The last issue of Batman and Robin Eternal was easily the best one yet. Valentine did a fantastic job on writing duty, so let’s see what she can bring in this newest issue. Is it good?
Batman and Robin Eternal #8 (DC Comics)
Lead Writer: Genevieve Valentine
Other Writers: Scott Snyder and James Tynion IV
Artist: Alvaro Martinez and Scot Eaton
As we continue with the flashback of Batman encountering Mother Prague for the first time as Bruce Wayne, Grayson meets the woman in the present day. Elsewhere, Cassandra Cain and Harper Row duke it out with a bunch of hypnotized ballerinas that are out to kill them.
Mother tries to goad Grayson with her taunts about ending her operations in Prague and that fact that he is a “failure that Batman tried to replace.” Grayson ignores her taunts and tries to get the truth from her about whether or not she manufactured a Robin in the past. She says she’ll show him, but only if he follows her and abandons the girls.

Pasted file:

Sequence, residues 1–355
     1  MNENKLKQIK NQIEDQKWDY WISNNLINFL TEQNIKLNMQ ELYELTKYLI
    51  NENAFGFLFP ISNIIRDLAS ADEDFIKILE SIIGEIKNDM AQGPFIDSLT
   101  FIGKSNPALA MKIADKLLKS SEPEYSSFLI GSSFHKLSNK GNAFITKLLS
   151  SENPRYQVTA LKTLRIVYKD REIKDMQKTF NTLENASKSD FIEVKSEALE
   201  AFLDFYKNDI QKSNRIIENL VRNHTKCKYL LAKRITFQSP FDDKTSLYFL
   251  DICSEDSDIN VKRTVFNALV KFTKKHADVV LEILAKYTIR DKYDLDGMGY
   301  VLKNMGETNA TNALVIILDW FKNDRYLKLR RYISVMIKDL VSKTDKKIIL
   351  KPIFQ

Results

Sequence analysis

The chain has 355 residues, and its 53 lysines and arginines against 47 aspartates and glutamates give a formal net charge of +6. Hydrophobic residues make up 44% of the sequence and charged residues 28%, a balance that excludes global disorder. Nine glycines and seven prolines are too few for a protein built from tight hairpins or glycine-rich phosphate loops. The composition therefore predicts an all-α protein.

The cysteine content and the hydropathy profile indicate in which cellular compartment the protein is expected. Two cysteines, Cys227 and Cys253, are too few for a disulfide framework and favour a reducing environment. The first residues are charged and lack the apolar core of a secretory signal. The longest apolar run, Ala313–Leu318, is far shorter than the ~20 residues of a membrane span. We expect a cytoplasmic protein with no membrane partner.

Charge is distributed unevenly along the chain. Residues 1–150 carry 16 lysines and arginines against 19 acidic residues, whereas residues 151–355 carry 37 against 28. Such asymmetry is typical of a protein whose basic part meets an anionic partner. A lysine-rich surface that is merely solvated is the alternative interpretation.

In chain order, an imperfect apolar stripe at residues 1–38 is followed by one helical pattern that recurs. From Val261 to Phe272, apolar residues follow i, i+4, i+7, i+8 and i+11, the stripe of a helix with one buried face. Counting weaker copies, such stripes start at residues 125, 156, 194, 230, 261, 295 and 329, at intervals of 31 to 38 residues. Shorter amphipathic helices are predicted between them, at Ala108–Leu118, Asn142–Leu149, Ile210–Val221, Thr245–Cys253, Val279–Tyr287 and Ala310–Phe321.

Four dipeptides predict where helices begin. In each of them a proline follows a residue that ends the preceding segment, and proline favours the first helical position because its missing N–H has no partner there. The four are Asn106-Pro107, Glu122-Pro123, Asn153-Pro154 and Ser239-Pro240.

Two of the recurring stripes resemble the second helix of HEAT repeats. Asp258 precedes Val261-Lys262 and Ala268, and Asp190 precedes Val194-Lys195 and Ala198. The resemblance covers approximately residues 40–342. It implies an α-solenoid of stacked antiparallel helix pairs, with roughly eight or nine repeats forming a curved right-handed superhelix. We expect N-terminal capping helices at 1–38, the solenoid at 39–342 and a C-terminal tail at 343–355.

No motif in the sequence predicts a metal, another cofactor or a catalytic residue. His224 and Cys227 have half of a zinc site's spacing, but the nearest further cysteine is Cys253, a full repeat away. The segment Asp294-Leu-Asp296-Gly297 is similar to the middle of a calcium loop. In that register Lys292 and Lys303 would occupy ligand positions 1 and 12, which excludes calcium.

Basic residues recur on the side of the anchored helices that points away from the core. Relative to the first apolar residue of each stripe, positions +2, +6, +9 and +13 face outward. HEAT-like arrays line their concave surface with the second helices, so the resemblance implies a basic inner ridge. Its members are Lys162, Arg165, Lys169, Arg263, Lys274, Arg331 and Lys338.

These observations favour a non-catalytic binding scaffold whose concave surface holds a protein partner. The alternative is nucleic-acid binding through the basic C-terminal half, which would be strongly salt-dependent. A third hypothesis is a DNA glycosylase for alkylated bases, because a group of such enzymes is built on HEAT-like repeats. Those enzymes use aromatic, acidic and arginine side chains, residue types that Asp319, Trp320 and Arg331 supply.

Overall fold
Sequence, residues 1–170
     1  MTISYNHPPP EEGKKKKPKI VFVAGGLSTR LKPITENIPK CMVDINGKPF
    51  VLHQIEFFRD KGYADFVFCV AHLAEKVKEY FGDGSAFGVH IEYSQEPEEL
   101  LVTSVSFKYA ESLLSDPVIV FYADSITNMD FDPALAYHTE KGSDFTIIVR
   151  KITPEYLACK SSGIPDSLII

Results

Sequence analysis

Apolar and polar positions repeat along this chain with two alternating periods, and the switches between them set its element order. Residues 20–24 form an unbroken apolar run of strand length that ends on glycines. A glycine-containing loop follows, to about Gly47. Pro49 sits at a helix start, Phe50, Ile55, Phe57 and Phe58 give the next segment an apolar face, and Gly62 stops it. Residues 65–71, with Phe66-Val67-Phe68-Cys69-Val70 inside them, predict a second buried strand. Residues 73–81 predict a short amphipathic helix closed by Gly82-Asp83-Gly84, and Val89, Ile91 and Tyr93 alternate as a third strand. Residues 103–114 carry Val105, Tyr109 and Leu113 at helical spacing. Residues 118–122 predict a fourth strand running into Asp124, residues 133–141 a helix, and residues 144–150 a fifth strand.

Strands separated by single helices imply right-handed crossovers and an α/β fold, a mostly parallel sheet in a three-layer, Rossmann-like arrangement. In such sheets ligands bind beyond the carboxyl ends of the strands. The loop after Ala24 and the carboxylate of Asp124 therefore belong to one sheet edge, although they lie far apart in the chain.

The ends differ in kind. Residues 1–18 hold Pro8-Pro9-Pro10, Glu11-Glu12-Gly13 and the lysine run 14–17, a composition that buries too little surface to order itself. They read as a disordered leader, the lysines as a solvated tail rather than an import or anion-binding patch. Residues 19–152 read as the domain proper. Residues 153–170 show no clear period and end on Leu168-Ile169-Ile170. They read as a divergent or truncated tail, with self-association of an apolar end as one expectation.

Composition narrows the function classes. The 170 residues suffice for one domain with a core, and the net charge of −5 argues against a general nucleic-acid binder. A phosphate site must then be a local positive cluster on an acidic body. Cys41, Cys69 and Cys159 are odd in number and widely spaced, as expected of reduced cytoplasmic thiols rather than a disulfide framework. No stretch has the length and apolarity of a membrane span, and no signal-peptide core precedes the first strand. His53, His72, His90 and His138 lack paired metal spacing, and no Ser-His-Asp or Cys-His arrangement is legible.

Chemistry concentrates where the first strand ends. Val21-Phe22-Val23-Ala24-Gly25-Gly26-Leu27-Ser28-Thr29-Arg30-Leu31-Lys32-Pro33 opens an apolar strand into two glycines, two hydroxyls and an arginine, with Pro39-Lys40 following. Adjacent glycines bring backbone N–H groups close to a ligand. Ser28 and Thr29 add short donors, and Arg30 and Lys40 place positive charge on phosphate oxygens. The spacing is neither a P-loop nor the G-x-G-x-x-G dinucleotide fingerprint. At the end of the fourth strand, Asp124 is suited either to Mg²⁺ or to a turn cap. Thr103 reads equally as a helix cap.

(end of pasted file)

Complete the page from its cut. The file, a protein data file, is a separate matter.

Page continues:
After all the fighting is wrapped up, the three heroes catch each other up on what happened. When Row gestures to Cassandra about getting her hair nicked by a knife, Cassandra has a flashback to something bloody and freaks out. She runs off and disappears.
The issue ends with Tim and Jason finding a Tech dealer that may have sold equipment to Mother at some point. However, he seems to be suffering from some sort of drug-induced hallucination.
Sadly, this was kind of a disappointment after such a strong issue last time. The story barely progressed and didn’t end in a very suspenseful manner either. On a story-level, this feels like one of those later issues from the last Eternal weekly that didn’t really do much overall and felt padded. On the plus side though, the creative team still did a great job in all other categories. The characterization felt completely on point and it was nice to see Grayson not give a crap about Mother’s taunting. Martinez’s artwork was really stellar, as he crafted some of the best looking and laid out comic book panels this entire week. Scot Eaton, who also drew part of the comic, did a great job as well.